Prophets bug me. I think they're supposed to. I'm not usually patient enough to pursue what Mike Bickle calls the "horrible" task of discernment. Like an irritable judge, I prefer to bang my gavel and pronounce bogus any prophecy I can't get my arms around.
The funny thing is, I have no aversion to digging out a commentary and poring over a lexicon to determine what Ezekiel and Zechariah were saying in their sometimes-enigmatic prophecies.
Now, I would never suggest that the words of modern-day prophets should be handled with the same reverence as the oracles of biblical prophets that have found a place in the canon.
But, any time God speaks--or we think He may be speaking--we should listen up, discern and apply what we hear ... whether He chooses to speak through the pages of Scripture, the lips of a prophet or the mouth of an ornery donkey.
Why? Because when the God of the universe speaks to His creation through prophecy, it is an act of great mercy--especially since He has already spoken in Scripture.
Some may say that God has said all He ever needed to say in His written Word. They're right. But more than bringing new revelation, prophecy is often most valuable when it reminds God's people of what He has already said. Consider the warnings and judgments of the major and minor prophets, which ultimately have their foundation in the covenant stipulations of Deuteronomy.
The two most prolific authors of Scripture, Moses and Paul, both lamented not the abundance of prophecy but its dearth.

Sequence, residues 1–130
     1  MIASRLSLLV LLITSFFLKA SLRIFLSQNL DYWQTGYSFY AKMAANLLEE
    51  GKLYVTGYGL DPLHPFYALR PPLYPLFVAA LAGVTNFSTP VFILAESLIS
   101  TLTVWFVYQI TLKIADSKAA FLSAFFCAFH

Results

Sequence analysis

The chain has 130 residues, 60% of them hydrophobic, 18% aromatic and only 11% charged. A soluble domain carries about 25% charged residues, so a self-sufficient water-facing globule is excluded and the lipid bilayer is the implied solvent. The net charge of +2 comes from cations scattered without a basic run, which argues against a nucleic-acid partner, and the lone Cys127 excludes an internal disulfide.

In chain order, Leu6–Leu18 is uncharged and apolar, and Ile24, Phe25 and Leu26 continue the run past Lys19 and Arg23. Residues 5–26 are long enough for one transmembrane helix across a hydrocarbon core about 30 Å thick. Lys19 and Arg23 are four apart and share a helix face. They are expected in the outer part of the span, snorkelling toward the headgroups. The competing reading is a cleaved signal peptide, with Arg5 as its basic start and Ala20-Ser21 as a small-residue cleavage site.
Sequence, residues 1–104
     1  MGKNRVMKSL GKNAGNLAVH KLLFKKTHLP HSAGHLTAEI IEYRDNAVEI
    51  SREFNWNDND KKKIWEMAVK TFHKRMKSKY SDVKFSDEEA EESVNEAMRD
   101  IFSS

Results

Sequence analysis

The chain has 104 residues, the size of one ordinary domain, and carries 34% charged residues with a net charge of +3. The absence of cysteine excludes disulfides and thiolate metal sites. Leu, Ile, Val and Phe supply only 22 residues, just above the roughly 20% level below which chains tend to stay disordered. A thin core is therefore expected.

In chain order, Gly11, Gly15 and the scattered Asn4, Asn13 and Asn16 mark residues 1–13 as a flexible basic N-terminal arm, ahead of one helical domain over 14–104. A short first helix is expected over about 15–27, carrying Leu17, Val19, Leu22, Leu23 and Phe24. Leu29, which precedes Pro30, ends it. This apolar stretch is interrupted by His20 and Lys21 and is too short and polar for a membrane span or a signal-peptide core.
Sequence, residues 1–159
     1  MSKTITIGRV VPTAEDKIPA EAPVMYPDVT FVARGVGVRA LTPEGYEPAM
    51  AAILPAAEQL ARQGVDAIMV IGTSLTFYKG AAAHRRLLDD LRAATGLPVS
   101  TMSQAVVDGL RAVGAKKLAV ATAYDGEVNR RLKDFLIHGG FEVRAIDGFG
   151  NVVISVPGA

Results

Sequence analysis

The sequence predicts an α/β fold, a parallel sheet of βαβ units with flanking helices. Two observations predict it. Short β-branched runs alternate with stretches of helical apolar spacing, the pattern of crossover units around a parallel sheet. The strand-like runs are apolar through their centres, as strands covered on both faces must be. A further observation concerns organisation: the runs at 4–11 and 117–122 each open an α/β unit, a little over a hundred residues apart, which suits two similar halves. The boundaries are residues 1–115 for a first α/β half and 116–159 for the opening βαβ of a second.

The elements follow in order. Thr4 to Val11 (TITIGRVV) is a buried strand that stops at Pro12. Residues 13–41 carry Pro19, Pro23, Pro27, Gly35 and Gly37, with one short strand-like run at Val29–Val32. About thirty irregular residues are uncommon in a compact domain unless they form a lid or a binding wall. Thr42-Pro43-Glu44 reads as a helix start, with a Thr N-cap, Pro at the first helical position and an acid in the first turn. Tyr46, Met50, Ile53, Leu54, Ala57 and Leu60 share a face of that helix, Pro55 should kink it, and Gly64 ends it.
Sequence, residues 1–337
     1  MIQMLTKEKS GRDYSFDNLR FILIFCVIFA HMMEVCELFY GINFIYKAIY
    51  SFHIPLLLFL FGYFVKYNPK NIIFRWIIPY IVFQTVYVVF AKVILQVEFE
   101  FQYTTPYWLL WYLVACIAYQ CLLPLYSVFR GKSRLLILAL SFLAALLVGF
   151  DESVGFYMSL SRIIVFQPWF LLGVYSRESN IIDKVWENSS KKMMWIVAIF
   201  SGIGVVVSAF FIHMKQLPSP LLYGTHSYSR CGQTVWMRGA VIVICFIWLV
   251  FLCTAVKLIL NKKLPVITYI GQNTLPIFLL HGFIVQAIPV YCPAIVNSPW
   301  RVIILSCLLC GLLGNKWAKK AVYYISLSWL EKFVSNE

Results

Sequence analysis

Several Israelites came to Moses complaining about the spontaneous outbursts of unexpected prophets Eldad and Medad, and Moses replied, "'I wish that all the Lord's people were prophets and that the Lord would put his Spirit on them!'" (Num. 11:29, NIV).
Paul echoed Moses' sentiments when he said, "I would like every one of you to speak in tongues, but I would rather have you prophesy" (1 Cor. 14:5).
This enthusiasm for the prophetic was not born out of inexperience. Both Moses and Paul were aware of the controversy that prophecy would bring the people of God. But they were more concerned about the spiritual famine Amos speaks of--"a famine of hearing the words of the Lord" (see Amos 8:11).
Sure, God doesn't have to send us prophets, but isn't it just like Him to give us a second chance to listen and obey?
As you read this issue of Ministries Today, I pray that you'll be challenged to embrace prophetic ministry. Fraudulent prophets will always be with us, as will sneaky evangelists, abusive pastors, heretical teachers and power-hungry apostles.
But, if we allow our fear of the counterfeit to shake our faith in the authentic, we may miss out on hearing God speak.
Matthew Green is managing editor of Ministries Today. He invites your comments and questions at email@example.com.
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